Drone technology is used across many industries, such as delivery, mapping, sports photography, farming, and more. The construction field has become an emerging market for drone use. Drones are often used on construction sites to map sites and structures as well as to track the progress of an ongoing project.
According to IHS Markit, drones are expected to increase in use in this field as well as demolition. It's expected to grow to 126,000 units by 2020. That's a considerable increase from 2015 with just 5,000 units. Drones are useful in capturing HD images with 3D topography allowing contractors to collect more accurate data. The speed at which they collect data is the driving force behind their increased use on construction sites.
Contractors use drone aerial photography to create topographical maps of the job site. This is used for calculations and the bidding process.
When construction begins, the drones are used to monitor the movement of materials and to assess how much material is in stockpiles. You can also track your equipment and vehicles.
Once the project is in full swing, the drone can provide status information on the progress and inventory of materials for the project. This is helpful when deciding how much materials are needed to order before completion.
Not only do drones give contractors a bird's eye view of the job site, but they also enhance safety for all of the workers and surrounding pedestrians. Drones can monitor rooftops and every part of the building under construction. These drones save the inspector's precious time and minimize the risk of entering potentially dangerous areas to carry out an inspection. Other structures that can quickly and safely be inspected with drone use are bridges, tunnels, and highways.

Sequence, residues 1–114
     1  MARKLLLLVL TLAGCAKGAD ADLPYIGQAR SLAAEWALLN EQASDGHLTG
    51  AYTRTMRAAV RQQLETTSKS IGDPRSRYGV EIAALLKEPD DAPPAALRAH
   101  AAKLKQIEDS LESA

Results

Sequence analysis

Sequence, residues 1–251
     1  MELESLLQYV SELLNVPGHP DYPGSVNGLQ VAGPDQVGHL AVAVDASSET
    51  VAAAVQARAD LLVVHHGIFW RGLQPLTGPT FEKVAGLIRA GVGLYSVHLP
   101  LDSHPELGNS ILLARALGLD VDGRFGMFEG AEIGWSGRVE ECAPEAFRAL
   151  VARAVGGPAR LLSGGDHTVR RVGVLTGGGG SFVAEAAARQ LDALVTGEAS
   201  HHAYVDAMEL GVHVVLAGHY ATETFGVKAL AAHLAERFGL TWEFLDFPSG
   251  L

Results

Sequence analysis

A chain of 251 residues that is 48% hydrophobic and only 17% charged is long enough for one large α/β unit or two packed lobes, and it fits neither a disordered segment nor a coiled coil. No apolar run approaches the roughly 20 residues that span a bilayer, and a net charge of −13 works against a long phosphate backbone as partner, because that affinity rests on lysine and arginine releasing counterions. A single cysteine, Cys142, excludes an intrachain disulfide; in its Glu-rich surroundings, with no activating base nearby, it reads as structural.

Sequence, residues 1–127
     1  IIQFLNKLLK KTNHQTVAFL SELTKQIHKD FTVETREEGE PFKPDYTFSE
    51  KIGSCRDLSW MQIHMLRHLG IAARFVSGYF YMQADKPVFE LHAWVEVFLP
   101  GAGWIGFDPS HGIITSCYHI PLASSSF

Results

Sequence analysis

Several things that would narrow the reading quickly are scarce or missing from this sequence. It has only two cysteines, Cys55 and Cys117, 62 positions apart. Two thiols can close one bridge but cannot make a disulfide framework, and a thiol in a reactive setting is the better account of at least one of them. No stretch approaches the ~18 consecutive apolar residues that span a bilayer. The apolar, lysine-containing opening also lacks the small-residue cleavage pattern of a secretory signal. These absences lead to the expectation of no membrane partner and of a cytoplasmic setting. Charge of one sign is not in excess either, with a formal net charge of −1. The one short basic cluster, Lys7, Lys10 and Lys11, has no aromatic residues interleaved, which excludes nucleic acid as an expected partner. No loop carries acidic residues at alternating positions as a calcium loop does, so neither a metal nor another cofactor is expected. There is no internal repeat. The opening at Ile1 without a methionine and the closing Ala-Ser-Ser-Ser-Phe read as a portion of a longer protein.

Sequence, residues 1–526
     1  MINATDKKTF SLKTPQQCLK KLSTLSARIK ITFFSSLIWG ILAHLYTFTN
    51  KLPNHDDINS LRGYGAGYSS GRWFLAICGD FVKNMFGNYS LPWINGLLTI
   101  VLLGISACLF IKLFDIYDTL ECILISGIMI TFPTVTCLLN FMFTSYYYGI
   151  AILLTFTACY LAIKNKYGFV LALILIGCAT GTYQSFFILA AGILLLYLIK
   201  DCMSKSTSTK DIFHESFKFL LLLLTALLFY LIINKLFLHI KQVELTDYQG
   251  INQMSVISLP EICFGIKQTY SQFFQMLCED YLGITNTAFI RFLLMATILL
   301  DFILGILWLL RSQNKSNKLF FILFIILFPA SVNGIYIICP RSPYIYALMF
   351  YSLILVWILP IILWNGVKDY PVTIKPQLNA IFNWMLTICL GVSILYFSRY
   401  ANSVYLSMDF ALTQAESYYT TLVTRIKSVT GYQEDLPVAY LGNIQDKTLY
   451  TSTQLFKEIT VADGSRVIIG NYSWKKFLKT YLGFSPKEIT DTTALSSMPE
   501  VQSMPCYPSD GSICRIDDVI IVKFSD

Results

Artificial intelligence is entering the scene to make aerial drone technology even more useful for construction. The John Deere company, in conjunction with drone maker Kespry, offers an AI solution for construction sites. The industrial drones are tracking stockpile inventory and earth movement on the site. These industrial drones can follow a designated path and land without an operator. They can capture topographic data with extreme accuracy.
In the future, drone makers hope to create heavy lifting drones to move construction tools and materials. The lifting capabilities, however, are merely in the planning stages.
The evolution of drones will bring speed and efficiency to many fields such as construction, fire services, and farming. We are on the cusp of a second industrial revolution, and drones will be one of the technological advances at the forefront of this exciting new world. Finding new and better ways to work will ensure safer and more efficient work sites in construction.
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